When I first heard about sugar on snow it just seemed silly. Why would you bother pouring maple syrup on snow? It seems like you’re making a very expensive snow cone.
Then the old Vermonter told me that you heat the syrup first. So wait, you’re making a melted snow and syrup slurry? That sounds grand…
Nope. You heat the syrup until it’s thickened well past being “syrup” and then you use snow to rapid cool it into a ball of soft maple taffy. The snow is a tool, you’re not actually eating it.
Suddenly it made a lot more sense, delicious maple-y sense…
Most often sugar on snow is made at a sugar shack during the spring sugar run. It’s a way to entice the tourists in without having to go through all the effort of making pancakes.
They often serve the syrup taffy with plain doughnuts, and surprisingly…pickles. The doughnuts help provide a cakey break from straight maple taffy, and they complement it with their milder sweetness. The pickles, on the other hand, have vinegar and salt which helps to cut through all the sweet from eating straight maple syrup candy by providing some contrast.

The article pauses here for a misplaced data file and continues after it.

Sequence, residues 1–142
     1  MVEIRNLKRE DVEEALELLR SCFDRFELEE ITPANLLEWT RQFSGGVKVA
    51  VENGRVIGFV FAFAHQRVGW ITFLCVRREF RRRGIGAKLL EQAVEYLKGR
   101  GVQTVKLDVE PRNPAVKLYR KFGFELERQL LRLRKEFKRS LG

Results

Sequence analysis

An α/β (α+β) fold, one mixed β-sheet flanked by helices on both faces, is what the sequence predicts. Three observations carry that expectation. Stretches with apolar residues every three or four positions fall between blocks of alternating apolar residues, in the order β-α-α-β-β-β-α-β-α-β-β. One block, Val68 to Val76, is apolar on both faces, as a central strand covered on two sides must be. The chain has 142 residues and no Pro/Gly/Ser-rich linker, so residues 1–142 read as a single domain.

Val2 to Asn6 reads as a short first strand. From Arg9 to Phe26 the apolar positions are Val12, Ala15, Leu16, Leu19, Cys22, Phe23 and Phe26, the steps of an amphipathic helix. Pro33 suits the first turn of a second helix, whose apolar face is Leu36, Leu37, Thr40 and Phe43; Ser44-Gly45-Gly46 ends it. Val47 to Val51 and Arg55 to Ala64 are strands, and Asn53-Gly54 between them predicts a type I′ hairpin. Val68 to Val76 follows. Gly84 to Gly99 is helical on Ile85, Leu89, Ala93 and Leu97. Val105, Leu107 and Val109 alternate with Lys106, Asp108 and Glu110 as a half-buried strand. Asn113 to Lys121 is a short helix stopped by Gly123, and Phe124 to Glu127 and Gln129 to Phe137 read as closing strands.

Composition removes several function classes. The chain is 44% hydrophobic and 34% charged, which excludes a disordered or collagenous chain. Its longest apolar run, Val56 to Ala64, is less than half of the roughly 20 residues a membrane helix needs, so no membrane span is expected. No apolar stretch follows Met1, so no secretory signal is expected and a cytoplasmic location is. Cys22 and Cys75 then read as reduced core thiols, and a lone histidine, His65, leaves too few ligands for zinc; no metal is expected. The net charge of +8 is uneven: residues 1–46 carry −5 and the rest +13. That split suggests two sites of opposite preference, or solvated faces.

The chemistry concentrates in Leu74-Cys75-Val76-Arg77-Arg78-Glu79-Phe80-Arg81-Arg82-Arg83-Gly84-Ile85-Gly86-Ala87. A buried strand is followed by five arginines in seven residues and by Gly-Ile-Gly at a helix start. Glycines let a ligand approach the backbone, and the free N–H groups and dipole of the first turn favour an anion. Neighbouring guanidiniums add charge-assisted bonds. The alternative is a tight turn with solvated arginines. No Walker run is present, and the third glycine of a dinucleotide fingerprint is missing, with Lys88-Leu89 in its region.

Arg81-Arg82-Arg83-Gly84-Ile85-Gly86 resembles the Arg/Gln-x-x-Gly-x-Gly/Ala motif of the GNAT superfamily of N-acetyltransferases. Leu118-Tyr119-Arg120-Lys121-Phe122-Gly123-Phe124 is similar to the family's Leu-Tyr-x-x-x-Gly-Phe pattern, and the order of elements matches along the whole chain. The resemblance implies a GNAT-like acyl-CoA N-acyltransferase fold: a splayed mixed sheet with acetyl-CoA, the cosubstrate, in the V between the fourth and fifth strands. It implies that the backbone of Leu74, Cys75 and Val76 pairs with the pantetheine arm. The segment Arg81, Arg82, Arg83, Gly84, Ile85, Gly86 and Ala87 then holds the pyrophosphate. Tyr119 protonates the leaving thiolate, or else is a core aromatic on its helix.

While sugar on snow may be a Vermont sugarhouse tradition, there’s no reason you can’t make it at home.
How to Make Sugar on Snow
Making sugar on snow is pretty simple. Just heat maple syrup to soft ball stage, when a candy thermometer reads 234 to 240 degrees. If you don’t have a candy thermometer, you can just pour test blobs of syrup directly onto the snow. You’re waiting for it to form into a “soft ball” or blob of maple taffy on contact with the snow.
Bring in some fresh, clean snow from outside. Sugar houses bring it in and store it in ice chests so they can have it ready for tourists. I just go outside and scoop it up with a bowl when I’m ready.
Pour the syrup onto the snow in a blob and give it a minute to cool. You don’t want to burn your face off, so give it time and test it with a finger before eating.
Don’t wait too long though. Sugar on snow can only be eaten fresh. After a while, the maple will harden too much and you won’t be able to chew it. It’s still tasty, but you’ll be sucking on maple candy rather than chewing on maple taffy.
Maple Syrup Recipes
Looking for more ideas to use maple syrup?